Info@NationalCyberSecurity
Info@NationalCyberSecurity

Is AI the Solution to Cyber Resilience? | #cybercrime | #infosec


Though pandemic lockdowns are a fading memory, our behaviors have changed permanently: the International Trade Administration predicts that online sales will grow to a share of 22% of sales by 2025, up from 16% in 2021. Internet access also continues to march steadily upward, with another billion users expected to come online by 2027.

Technology is making it easier to connect, learn, make purchases, and share information — and it’s creating opportunities for bad actors to harm businesses and individuals. Many types of cybercrime are on the rise: for example, Allianz Commercial found that the percentage of ransomware attacks that led to data exfiltration doubled from 40% in 2019 to 80% in 2022, with the number of companies paying ransom rising from 10% to 54% over that same period.

Fortunately, technology is also amplifying our ability to stay ahead of threats, thanks largely to the rapid evolution of AI.

As the Founder of G2A.COM, the world’s largest marketplace for digital entertainment, I can say cybersecurity is as important to us as payments, prices, and customer support. We’ve leaned heavily into AI to help us combat rising cybercrime and keep every user in our marketplace safe from digital harm.

In this article, I’ll share my view on why cybercrime is rising and how AI can help us protect our businesses, employees, and customers.

Rising cybercrime is driving up costs and risks

Cybersecurity Ventures expects cybercrime to cost $10.5 trillion USD annually by 2025, up from $3 trillion USD in 2015 — a 250% increase over just a decade.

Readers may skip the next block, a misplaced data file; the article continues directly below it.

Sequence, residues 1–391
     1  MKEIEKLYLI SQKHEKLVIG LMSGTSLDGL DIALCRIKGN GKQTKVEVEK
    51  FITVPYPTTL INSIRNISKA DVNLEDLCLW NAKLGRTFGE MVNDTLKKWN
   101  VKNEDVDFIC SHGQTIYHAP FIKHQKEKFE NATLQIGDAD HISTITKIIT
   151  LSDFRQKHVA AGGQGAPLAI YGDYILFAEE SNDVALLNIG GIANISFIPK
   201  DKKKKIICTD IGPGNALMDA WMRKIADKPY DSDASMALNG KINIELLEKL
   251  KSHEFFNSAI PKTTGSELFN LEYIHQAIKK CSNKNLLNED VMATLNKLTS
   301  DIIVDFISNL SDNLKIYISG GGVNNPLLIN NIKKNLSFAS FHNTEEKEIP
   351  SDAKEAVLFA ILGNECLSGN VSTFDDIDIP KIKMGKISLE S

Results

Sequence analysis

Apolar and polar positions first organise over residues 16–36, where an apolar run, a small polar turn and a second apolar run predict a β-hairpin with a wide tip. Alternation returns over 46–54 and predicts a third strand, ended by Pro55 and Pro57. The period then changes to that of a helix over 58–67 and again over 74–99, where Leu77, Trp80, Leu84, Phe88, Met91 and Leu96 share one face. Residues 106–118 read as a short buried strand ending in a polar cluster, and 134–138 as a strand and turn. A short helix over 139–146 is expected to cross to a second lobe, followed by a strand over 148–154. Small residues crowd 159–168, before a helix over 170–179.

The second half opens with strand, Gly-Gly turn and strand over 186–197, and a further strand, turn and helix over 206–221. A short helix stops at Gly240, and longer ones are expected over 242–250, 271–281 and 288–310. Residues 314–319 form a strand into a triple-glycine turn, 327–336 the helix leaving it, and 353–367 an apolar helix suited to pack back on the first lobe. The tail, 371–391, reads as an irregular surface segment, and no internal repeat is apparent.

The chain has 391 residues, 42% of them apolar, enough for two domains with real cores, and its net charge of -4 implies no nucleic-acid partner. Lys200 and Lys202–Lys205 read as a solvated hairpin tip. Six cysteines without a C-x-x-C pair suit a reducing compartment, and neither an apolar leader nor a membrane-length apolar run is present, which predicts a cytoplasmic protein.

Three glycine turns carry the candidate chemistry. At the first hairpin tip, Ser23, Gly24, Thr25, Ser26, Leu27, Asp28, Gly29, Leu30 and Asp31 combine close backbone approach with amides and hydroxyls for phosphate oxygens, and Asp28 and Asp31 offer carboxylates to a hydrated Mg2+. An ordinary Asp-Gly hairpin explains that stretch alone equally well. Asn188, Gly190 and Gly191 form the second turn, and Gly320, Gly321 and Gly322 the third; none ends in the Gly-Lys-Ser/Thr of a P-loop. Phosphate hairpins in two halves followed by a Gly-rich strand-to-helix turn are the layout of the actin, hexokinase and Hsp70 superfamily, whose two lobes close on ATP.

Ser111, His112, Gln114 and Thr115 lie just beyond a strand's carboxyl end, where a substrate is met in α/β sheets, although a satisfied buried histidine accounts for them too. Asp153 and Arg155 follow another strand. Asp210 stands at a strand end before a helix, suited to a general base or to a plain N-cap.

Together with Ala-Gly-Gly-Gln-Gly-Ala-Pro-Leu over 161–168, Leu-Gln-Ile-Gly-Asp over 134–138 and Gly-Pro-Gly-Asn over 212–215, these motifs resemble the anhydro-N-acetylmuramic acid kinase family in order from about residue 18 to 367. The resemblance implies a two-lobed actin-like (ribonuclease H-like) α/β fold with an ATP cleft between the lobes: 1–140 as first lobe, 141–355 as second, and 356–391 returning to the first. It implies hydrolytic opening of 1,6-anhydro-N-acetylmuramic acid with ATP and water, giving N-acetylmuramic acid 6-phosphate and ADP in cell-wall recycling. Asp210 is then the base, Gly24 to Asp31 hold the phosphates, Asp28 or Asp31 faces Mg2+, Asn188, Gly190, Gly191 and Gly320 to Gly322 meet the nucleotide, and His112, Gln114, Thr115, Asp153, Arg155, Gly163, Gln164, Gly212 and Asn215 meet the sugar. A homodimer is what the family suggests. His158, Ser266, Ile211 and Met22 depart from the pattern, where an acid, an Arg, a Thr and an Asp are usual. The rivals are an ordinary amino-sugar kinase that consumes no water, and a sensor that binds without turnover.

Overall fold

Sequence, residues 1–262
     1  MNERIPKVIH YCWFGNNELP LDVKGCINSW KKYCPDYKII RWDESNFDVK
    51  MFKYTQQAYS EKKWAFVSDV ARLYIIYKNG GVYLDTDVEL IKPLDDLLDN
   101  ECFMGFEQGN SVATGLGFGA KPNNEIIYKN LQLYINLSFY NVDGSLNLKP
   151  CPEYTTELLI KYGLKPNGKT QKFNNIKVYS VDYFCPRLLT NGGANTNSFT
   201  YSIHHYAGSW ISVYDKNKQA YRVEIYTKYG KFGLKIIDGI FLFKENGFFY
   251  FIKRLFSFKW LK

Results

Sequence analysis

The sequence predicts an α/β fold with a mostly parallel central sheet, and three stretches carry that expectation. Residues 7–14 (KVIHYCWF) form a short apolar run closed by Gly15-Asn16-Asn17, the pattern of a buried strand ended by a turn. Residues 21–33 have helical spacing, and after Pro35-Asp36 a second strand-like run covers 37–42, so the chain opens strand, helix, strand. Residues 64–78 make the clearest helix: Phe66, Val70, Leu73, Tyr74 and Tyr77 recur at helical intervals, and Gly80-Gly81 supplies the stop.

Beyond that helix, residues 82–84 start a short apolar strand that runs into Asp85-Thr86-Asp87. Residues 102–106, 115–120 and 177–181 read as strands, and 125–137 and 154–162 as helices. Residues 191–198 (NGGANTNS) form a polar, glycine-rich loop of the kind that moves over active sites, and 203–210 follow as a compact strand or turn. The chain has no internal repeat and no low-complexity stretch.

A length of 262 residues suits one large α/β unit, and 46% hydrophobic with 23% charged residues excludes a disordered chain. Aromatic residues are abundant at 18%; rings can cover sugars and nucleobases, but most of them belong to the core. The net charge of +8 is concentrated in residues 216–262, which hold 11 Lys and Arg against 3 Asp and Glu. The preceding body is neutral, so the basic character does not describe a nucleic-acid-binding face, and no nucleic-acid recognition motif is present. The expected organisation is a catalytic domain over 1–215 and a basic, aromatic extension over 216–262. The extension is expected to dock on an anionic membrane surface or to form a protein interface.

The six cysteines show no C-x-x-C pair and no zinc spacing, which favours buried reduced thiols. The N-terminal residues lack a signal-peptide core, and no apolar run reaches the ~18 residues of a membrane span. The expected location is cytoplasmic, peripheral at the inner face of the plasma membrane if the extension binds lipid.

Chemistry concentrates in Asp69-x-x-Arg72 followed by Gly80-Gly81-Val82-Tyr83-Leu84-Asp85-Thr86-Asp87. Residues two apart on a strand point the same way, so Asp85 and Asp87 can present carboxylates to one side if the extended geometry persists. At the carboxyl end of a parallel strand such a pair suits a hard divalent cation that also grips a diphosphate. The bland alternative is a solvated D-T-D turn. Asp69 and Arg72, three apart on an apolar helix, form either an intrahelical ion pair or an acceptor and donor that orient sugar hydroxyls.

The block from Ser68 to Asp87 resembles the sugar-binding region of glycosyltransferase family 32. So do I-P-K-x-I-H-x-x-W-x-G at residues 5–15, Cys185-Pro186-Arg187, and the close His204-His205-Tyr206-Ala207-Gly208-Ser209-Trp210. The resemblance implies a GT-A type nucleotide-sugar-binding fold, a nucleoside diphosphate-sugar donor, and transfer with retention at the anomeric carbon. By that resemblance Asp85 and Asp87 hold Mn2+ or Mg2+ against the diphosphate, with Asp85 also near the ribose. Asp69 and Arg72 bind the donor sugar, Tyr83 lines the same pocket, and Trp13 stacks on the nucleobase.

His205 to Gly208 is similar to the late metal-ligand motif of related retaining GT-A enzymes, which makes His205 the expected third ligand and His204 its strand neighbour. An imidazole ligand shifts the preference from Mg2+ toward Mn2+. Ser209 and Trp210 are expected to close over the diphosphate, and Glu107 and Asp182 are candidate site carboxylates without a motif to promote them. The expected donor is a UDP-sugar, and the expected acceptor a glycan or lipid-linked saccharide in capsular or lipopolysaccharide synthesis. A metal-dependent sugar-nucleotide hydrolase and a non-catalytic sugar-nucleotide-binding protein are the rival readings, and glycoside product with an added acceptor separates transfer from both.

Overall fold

Many factors are contributing to this growth. On one hand, nation-states are carrying out increasingly sophisticated attacks, such as the recent effort by North Korea to trick Western companies into hiring North Korean IT workers.

On the other hand, it’s getting easier for unsophisticated hackers to commit crimes: Damian Williams, the U.S. Attorney for the Southern District of New York, reports that “the barriers to entry to cybercrime are dropping substantially.” Not to mention that technology makes crime psychologically easier by putting criminals at a distance from their victims.

The current economic climate also increases cyber risks, particularly insider threats. Threat actors take advantage of layoffs by targeting companies that have reduced their cybersecurity teams: ISC2 found that “those at companies that have had layoffs in cybersecurity are three times more likely to have been approached to act as a malicious insider.”

Against this unpredictable backdrop, it’s critical that businesses adopt a strategy of resilience, combining proactive defensive mechanisms with continuity protocols.

AI is one of the keys to cyber resilience in 2024 and beyond

Cybercriminals are constantly adopting new tactics and technologies. At the same time, hiring cybersecurity talent is harder than ever: ISC2 reports that in 2023, there were “roughly 4 million cybersecurity professionals needed worldwide” — up 13% from 2022.

How can businesses keep up without vastly increasing the amount of resources they expend on cybersecurity? 

At G2A.COM, we have relied on AI to help us answer this question. We treat AI as the first line of defense in our security infrastructure to help us detect vulnerabilities before they lead to harm. We use AI to: